|Work with the patient to set small, attainable goals.||Mutual goal setting guarantees that goals are achievable and helps to restore a cognitive-temporal sense of hope.|
|Render physical care that the patient is unable to achieve and respect patient’s abilities.||This approach overcomes weakness, guilt, and other negative perceptions.|
|Stay and spend time with the patient. Use empathy; try to understand what the patient is saying, and communicate this understanding to the patient.||These approaches can inspire hope. Experiencing warmth, empathy, genuineness, and unconditional positive regard can greatly reduce feelings of hopelessness.|
|Assist the patient in establishing realistic goals by recognizing short-term goals and revising them as needed.||Supervising the patient little by little makes the problem more manageable. Setting realistic goals is important so as not to be frustrated with the chance of not to accomplish them.|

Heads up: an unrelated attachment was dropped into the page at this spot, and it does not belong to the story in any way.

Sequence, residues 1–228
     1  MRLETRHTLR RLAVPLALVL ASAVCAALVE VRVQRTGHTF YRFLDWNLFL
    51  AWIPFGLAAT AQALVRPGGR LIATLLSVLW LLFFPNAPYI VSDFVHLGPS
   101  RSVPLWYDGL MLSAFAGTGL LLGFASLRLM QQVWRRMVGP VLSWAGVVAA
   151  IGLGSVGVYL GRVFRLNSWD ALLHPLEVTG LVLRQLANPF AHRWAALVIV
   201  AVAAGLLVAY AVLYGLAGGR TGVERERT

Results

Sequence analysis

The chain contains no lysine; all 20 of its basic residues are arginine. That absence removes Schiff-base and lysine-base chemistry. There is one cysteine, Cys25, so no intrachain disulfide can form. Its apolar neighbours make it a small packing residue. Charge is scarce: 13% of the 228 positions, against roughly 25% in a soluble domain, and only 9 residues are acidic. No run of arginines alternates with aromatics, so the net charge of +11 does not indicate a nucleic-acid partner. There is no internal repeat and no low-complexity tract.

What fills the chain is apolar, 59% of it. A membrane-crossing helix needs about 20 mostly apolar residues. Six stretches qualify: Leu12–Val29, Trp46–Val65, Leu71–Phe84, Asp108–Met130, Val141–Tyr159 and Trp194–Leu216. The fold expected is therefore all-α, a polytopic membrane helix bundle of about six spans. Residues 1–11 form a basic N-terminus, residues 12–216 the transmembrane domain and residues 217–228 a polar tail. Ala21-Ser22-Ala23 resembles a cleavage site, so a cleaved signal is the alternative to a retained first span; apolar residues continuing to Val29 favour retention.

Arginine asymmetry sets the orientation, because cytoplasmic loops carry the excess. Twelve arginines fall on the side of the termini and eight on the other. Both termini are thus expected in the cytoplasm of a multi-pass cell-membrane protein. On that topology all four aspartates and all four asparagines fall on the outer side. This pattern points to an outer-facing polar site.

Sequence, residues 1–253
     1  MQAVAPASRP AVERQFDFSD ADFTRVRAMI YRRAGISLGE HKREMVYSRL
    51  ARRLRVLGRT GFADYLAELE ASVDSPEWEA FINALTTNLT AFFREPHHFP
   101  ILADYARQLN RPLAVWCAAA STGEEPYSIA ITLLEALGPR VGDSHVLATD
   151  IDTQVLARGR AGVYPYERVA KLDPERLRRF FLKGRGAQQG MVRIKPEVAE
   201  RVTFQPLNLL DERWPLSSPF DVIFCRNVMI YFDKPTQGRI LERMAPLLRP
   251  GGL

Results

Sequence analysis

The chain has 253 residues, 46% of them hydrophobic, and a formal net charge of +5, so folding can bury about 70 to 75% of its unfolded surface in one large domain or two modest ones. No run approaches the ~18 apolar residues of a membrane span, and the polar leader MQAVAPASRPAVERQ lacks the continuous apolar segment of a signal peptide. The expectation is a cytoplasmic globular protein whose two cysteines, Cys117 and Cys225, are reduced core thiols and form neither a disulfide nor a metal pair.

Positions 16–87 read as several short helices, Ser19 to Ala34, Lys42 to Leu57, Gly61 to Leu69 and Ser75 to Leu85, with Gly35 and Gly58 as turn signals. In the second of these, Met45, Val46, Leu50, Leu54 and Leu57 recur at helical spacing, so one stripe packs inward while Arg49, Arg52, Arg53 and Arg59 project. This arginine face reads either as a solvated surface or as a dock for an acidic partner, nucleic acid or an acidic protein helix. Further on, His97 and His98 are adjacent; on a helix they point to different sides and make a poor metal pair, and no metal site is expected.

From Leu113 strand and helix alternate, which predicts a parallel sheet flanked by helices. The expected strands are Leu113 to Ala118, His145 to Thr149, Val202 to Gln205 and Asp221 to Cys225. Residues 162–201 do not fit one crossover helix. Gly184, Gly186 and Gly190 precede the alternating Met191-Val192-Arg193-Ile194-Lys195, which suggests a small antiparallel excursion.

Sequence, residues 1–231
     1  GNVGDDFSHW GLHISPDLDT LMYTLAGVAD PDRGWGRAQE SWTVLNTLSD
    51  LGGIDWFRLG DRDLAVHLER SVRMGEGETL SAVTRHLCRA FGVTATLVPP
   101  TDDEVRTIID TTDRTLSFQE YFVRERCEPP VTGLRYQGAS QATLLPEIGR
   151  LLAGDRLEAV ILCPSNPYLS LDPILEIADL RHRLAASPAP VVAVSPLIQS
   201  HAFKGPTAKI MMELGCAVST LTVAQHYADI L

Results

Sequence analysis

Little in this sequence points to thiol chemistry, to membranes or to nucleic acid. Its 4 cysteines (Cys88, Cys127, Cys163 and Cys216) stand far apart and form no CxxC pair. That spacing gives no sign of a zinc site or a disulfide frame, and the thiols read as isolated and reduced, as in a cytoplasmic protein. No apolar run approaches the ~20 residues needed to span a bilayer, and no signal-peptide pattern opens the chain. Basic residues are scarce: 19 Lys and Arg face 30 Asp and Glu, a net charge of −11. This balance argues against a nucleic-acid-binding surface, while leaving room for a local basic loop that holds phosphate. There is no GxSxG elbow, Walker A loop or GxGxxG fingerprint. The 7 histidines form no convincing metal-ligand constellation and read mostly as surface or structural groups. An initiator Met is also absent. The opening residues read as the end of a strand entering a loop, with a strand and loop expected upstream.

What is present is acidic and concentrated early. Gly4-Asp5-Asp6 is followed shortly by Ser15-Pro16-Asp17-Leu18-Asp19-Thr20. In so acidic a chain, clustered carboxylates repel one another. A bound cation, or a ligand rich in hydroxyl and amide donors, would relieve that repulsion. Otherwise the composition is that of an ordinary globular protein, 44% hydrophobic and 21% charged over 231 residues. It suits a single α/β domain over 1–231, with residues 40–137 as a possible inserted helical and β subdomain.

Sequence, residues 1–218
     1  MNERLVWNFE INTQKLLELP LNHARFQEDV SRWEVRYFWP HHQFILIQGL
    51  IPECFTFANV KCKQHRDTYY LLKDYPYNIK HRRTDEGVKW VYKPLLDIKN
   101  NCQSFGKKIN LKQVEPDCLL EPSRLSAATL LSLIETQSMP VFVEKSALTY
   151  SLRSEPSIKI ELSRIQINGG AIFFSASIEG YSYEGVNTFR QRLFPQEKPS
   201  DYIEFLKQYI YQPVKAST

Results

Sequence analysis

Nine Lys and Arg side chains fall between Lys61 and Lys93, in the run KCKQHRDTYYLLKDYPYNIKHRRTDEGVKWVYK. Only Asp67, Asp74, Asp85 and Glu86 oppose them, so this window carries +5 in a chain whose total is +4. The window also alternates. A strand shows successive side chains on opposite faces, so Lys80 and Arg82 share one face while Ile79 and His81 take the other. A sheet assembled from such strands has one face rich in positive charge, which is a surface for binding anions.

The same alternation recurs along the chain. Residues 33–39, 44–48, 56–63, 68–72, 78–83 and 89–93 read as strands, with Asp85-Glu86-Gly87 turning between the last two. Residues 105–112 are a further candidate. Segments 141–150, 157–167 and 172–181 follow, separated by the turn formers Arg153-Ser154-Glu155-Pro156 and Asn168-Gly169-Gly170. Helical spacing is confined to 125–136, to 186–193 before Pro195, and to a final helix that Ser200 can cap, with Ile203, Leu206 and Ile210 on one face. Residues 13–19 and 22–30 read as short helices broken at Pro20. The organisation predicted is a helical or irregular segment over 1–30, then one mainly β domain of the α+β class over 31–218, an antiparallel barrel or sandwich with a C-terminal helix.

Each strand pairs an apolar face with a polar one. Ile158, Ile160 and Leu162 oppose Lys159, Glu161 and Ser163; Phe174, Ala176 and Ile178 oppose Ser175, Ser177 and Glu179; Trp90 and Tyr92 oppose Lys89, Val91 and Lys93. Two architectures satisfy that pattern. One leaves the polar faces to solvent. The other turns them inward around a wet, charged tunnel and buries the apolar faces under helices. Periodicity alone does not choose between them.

|Help the patient in developing a realistic appraisal of the situation.||Patients may not be aware of all the available resources and support groups that can help them move through this stressful life situation.|
|Acknowledge acceptance of expression of feelings.||Active listening may help patients express themselves.|
|Promote an attitude of realistic hope.||Stressing the patient’s intrinsic worth and seeing the immediate problem as manageable in time may provide support. Giving unrealistic hopes will not help the patient and might worsen the situation.|